The following selection from the Sifre shows the same methodology as the above. “‘And it shall come to pass, if ye shall hearken diligently unto My commandments … to love the Lord your God’ (Deut. 11:13). One may be tempted to say, ‘I will study the Torah so that I become rich, that I may be called master, that I may receive rewards in the world to come’. It is for this reason that the verse emphasizes, to love the Lord your God; whatever you do, let it be only with the motivation of true love.”
The Midrash was particularly suited for preaching purposes. In following the continuous text of the Bible it enabled the preacher to draw his lesson each week from the Scriptural lesson designated for that particular Sabbath. For the scholar it was also an advantage to see in each instance how a particular law or moral utterance is traced to its Biblical source. From the standpoint of those interested in law, however, the Midrash is an awkward literary form. Relevant legal material is scattered throughout the Biblical books. The presentations are long and involved. The formulation of law is constantly interrupted by haggadah, by historical, theological or homiletical discussions. Nor was the Midrash a convenient depository for enactments and ordinances promulgated without specific reference to Scriptural derivations. There was obviously a need for a work of literary reorganization that would separate halakah from haggadah, that would reduce the law to simple succinct statements, systematically organized along thematic lines, and that would include, also, independent legal traditions which the Talmudic supplementers inherited from the past.
The next product in this process of literary creativity is the Mishnah, a term derived from shanah, which means to repeat or study. This Mishnah in the form that we have it today is a product of the scholarly editorship of Rabbi Judah the Prince, and his Palestinian disciples who were active in the 3rd century. But there were other Mishnah collections which paved the way for their labors, going in some instances back to the 1st century. In this final product the language is a clear and lucid Hebrew; the statements are succinct and the principle of organization is subject matter. There are six main sections to the Mishnah which are in turn subdivided into an aggregate of 63 tractates. The tractate is subdivided into chapters and the chapter into individual paragraphs or Mishniot.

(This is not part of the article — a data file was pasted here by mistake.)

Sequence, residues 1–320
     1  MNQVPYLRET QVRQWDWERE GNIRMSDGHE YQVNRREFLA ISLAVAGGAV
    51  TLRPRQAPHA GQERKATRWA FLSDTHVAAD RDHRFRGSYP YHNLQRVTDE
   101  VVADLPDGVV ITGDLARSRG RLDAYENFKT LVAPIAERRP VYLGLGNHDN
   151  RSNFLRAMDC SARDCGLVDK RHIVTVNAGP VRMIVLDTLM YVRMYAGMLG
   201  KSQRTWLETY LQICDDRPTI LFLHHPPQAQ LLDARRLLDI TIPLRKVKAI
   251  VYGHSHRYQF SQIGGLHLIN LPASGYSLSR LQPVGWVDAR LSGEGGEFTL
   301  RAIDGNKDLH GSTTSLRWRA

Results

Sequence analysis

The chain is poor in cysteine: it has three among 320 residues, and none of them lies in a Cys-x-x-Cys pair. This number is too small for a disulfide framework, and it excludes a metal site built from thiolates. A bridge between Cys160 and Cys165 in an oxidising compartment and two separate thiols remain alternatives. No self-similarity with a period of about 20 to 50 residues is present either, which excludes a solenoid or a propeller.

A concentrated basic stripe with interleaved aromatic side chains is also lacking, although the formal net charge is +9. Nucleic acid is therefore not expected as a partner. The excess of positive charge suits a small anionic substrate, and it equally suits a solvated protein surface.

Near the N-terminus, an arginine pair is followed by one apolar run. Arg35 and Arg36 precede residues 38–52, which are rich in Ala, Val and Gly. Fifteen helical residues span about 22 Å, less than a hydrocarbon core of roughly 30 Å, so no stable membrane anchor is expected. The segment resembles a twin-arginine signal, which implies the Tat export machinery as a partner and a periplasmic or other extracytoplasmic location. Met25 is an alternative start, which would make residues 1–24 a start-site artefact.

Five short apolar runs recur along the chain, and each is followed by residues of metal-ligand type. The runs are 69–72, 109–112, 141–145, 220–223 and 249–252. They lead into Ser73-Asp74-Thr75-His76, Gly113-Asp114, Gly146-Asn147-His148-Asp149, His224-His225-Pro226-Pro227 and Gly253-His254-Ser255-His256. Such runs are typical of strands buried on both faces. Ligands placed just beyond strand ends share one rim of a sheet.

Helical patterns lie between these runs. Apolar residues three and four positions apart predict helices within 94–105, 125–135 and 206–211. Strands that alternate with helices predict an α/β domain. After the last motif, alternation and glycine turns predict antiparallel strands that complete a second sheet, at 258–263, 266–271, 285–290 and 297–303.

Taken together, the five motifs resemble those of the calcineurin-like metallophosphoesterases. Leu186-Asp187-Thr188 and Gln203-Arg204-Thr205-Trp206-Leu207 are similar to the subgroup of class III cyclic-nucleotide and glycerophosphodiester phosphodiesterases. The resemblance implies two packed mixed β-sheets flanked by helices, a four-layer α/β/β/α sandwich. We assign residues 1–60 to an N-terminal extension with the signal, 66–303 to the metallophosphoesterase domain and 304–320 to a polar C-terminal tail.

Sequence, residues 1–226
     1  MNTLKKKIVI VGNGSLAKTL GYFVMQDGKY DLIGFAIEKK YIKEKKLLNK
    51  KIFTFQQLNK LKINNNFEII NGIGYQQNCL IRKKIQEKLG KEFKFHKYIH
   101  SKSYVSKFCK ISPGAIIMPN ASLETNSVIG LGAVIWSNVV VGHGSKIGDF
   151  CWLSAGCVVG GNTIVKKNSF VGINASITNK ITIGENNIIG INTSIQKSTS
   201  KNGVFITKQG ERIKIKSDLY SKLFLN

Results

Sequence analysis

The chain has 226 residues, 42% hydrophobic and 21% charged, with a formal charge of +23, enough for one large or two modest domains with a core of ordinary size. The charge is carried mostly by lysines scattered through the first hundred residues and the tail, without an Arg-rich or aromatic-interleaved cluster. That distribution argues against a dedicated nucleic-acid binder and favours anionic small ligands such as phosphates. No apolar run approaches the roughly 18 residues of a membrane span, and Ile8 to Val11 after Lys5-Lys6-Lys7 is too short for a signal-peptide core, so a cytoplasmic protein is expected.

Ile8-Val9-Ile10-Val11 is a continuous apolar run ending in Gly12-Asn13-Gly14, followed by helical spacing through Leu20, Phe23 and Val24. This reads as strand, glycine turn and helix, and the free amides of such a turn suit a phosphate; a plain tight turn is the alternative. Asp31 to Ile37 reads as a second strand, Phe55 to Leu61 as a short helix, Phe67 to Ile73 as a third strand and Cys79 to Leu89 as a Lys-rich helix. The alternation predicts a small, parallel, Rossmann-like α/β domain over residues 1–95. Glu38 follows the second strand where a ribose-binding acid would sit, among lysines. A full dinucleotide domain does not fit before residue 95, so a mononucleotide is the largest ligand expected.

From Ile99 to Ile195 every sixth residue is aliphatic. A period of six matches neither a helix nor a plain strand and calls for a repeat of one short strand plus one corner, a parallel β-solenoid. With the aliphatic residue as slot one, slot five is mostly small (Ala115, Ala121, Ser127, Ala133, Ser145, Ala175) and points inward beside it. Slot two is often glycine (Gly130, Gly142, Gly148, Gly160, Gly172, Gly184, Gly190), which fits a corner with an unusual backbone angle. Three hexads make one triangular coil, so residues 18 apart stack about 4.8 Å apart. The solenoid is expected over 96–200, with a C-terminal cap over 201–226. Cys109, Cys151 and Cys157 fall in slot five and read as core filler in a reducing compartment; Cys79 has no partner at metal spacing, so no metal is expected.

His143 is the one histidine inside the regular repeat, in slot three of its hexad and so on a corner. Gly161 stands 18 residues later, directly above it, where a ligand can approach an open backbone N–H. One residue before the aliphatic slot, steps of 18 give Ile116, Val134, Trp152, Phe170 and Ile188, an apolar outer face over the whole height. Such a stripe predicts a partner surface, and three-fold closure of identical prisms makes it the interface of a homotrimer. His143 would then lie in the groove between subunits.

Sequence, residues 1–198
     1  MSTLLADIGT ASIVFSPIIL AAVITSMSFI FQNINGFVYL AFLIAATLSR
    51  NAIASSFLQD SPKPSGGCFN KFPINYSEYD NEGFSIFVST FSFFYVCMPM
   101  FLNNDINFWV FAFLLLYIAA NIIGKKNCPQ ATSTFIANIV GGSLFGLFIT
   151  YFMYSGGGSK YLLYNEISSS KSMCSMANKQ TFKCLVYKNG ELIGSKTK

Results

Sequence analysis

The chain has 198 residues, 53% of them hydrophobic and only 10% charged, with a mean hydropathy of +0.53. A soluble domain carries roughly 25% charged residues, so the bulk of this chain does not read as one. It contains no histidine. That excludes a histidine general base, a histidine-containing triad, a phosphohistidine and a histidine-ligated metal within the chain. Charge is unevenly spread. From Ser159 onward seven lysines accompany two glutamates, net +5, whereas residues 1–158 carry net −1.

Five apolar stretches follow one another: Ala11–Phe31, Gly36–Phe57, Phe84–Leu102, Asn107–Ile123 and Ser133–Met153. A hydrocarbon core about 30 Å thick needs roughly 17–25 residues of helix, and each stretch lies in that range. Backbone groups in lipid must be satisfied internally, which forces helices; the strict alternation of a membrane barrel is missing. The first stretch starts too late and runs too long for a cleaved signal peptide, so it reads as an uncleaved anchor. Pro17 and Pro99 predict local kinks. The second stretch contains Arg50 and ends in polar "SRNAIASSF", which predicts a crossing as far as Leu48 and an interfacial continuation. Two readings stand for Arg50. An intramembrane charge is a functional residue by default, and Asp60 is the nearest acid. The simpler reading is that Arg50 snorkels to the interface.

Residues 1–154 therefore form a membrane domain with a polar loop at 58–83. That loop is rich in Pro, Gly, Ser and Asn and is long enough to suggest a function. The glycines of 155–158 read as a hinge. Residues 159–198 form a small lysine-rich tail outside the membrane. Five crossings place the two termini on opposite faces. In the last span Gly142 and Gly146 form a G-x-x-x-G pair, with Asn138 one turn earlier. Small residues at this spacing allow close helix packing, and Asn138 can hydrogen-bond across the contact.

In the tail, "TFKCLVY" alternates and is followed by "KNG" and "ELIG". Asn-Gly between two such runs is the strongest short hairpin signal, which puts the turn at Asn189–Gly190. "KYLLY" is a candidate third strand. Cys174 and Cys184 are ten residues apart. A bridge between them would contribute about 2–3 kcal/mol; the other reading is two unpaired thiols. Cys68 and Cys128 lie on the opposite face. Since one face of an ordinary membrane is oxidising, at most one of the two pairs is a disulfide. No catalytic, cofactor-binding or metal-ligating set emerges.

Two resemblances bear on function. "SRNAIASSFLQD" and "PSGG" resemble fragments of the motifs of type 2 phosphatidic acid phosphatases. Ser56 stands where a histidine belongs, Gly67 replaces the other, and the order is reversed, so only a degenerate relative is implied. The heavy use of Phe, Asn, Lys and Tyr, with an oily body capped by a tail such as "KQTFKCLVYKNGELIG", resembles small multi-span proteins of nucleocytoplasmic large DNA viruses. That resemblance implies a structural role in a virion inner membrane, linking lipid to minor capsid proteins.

The six main sections to the Mishnah are called Sedarim, orders, derived from the fact that each section represents an orderly arrangement of the laws on its particular subject. The six Sedarim are Zeraim, Moed, Nashim, Nezikin, Kodashim, Toharot. Zeraim, or seeds, deals with agriculture; appended to it is the all important tractate Berakot which deals with prayer. Moed, festivals, deals with the Sabbath, holidays, fasts and feasts of the Jewish calendar. Nashim, which means women, discusses marriage, divorce and other phases of family life. Nezikin, injuries, deals with civil and criminal law. Kodashim, Holy Things, discusses the sacrificial cult and other details of the Temple service. The last section,Taharot, cleanliness, deals with all questions of ritual purity.
The stylistic and methodological character of the Mishnah is well illustrated by the following selections: Mishnah Gittin 9:3, 4 discusses inadequately executed documents of divorce: “Three kinds of bills of divorce are invalid, yet if she married again the offspring is legitimate; one that a man wrote with his own hand but there were no witnesses to it; one to which there were witnesses but which bore no date; and one which bore the date but had one witness only. Lo, these three bills of divorce are invalid, yet if she married again the offspring is legitimate. Rabbi Eliezer says: Even though it was not signed by witnesses yet was delivered before witnesses, it is valid, and she may exact her Ketubah from mortgaged property; for the witnesses sign only as a precaution for the general good.”
Mishnah Baba Batra 5:1 discusses the transfer of property: “If a man sold a ship, he has sold also the mast, the sail, the anchor, and all the means for steering it; but he has not sold the slaves, the packing-bags, or lading. But if he had said, ‘It and all that is in it’, all these are sold also. If a man sold a wagon he has not sold the mules; if he sold the mules he has not sold the wagon. If he sold the yoke he has not sold the oxen, and if he sold the oxen he has not sold the yoke. Rabbi Judah says: The price makes it manifest: thus if one said to him, ‘Sell me thy yoke for 200 zuz’, it is manifest that no yoke costs 200 zuz. But the sages say: The price is no proof.”